These are generally pretty fun games. Iíve found that we can usually get Progenitus out before Bant can, so thatís a plus (for more on beating NO/PRO Bant, see the entry for ĎNatural Order Rockí, since the principles are the sameóessentially, kill all the early creatures). The big threat here is Knight of the Reliquary, which is both BIG and can fetch Maze of Ith, Wasteland, and other problem cards. Counter or destroy it at all costs.

    Post-board, Spell Pierce can be traded in for Pernicious Deed.


    Tempo-Thresh [http://www.mtgthesource.com/forums/s....php?t=13715]:
    Whether or not this is a favourable matchup depends a great deal upon the build that youíre squaring up against. If youíre facing the red splash with Submerge rather than Clique, then our deck tends to lose more than it wins. Otherwise, itís pretty close to even. The main problem is that Tempo-Thresh can wreak havoc with our early mana development, which really slows down our response-time. This problem is compounded when Nimble Mongoose comes down, since we donít run it any more. Mongoose is impossible to deal with outside of blocking or Deed--our blockers are negated by burn (or, worse, bounce) spells which take them out of the picture, and Deed has trouble making it past Stifle, Wipe Away, and the counter suite.

    Our removal is also a tad lacklustre (due to Mongoose), but it will power through everything else, which is awesome. Tarmogoyf wonít stick, so thatís not a solution to the problem. Scavenging Ooze helps to mitigate any spells aimed at your head but, again, those arenít the ones to be concerned about. Ooze is great for blocking Mongoose, but vulnerable to all of the deckís burn. I find that Intuition is often best used to lock out my opponentís manabase, since he or she seldom has double red or double green until much later in the game. One last note: stop Submerge at all costs. It screws everything up. That also goes for Rushing River, Snapback, and Wipe Away. These are cards that really mess with our gameplan.

    The upside is that your sideboard presents a serious challenge for the deck in the form of Chalice of the Void. In the past, I would just board in BEB/Hydroblast. Now, I replace Spell Pierce and Shriekmaw with Chalice of the Void, which shuts down most of your opponentís gameplan if you can stick it early enough. It neutralizes Lightning Bolt, Spell Snare, Brainstorm, Ponder, Nimble Mongoose, Stifle, and perhaps some other odds and ends (like Red Elemental Blastóit will also force your opponent to bring in Krosan Grip or the like for the third game, so just be careful with Deed). As such, Chalice is the most important card you could board in. Best of all, a resolved Chalice means that theyíll have real trouble finding their threats, since they have so few and rely so heavily on Brainstorm and Ponder to find them. In the face of your removal, this should prove fatal. With Chalice, your chances of winning become very, very, very good; the trick is to land one early enough. Deed should come in for Maelstrom Pulse.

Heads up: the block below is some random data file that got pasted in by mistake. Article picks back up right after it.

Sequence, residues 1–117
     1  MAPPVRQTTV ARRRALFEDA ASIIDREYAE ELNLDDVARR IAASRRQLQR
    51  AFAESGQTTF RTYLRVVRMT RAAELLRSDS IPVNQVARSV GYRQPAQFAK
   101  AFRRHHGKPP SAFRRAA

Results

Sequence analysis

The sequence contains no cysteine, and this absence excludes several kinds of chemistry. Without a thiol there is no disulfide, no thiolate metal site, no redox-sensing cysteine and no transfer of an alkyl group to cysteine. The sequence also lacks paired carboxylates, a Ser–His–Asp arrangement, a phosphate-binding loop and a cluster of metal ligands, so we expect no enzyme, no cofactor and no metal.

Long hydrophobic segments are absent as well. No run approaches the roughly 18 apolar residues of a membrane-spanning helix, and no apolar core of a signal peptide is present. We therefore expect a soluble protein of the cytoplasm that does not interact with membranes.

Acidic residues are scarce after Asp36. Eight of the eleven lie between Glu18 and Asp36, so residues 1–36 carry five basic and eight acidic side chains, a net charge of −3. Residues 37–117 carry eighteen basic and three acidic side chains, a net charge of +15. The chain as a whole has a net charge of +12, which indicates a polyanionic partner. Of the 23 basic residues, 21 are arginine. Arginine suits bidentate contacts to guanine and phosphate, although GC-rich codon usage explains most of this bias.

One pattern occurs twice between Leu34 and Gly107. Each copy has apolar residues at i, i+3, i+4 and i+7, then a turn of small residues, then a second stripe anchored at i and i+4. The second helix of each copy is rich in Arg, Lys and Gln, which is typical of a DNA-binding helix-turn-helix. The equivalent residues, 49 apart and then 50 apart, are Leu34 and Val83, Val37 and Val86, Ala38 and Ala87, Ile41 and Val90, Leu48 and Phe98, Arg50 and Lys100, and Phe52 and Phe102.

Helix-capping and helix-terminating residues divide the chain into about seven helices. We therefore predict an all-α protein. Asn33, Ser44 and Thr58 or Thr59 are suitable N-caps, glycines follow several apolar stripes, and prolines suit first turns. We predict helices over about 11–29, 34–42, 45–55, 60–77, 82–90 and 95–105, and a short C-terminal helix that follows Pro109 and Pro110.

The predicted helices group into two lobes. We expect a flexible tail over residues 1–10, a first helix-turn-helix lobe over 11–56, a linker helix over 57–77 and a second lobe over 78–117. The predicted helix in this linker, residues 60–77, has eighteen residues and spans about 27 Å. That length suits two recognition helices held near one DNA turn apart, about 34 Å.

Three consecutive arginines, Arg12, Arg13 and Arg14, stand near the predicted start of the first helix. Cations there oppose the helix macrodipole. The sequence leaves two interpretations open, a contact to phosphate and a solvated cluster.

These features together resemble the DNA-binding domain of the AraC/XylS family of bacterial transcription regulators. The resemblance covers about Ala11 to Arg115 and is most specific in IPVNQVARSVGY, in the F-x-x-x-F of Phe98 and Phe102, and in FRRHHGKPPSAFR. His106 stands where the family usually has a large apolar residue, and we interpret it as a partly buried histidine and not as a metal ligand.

NO RUG [http://www.mtgthesource.com/forums/s...al-Order-RUG]:
    This is a matchup in which weíre quite well favoured: we have more creatures, more (and better) removal, and more redundancy. Obviously we want to prevent the opponent from casting Natural Order, which means destroying any kind of green creature we come across, and using Intuition to grab Life from the Loam and Wasteland. Daze and Force of Will should be kept to help our own Natural Orders to resolve, if possible. Eternal Witness and Unearth are real houses in this matchup. Post-board we can bring in Pernicious Deed and Darkblast, depending on the composition of the sideboard. Darkblast is a house.


    UWx Stoneblade [http://www.mtgthesource.com/forums/s...lade-Control]: Thereís a fair bit of variation between these decks, but generally all we need to worry about is Jace, The Mind Sculptor and Wasteland recursion (fetch basics, leave fetches uncracked). Batterskull can be annoying, but a resolved Goyf should be bigger. The fact is that our aggro package is better, our control package is better, and our combo package is better too. I have generally won by either forcing a Progenitus through the cracks, or by attacking the manabase when luck permitted. None of this is to say that this is a rollover of a matchup, however: Stoneblade has plenty of the tools necessary to beat us. The trick is to make sure they canít all be assembled at once: apply pressure, and keep it up.


    Zoo [http://www.mtgthesource.com/forums/s....php?t=12624]:
    Previously, this matchup tended more towards the unfavourable side of close. For this incarnation of the deck, however, Zoo is no longer such a problem: we can now beat Zoo consistently, though certainly not every time. One of the main reasons for this turnaround is the inclusion of Scavenging Ooze, which is a mid-game house (since it can evade Bolts), and the ability to buy time with Spell Pierce. Not only does Ooze help to negate some of the damage done to us by burn, itís also more difficult to get rid of. This is a huge factor, because it means that burn spells are spent removing it instead of dealing damage to us. Plus, we no longer lose four life for Snuff Out since we now have Abrupt Decay. Maelstrom Pulse and Deed are obviously very strong spells in this matchup, and Shriekmaw recursion will seal the late game. Eternal Witness and Unearth also shine in this matchup, for obvious reasons.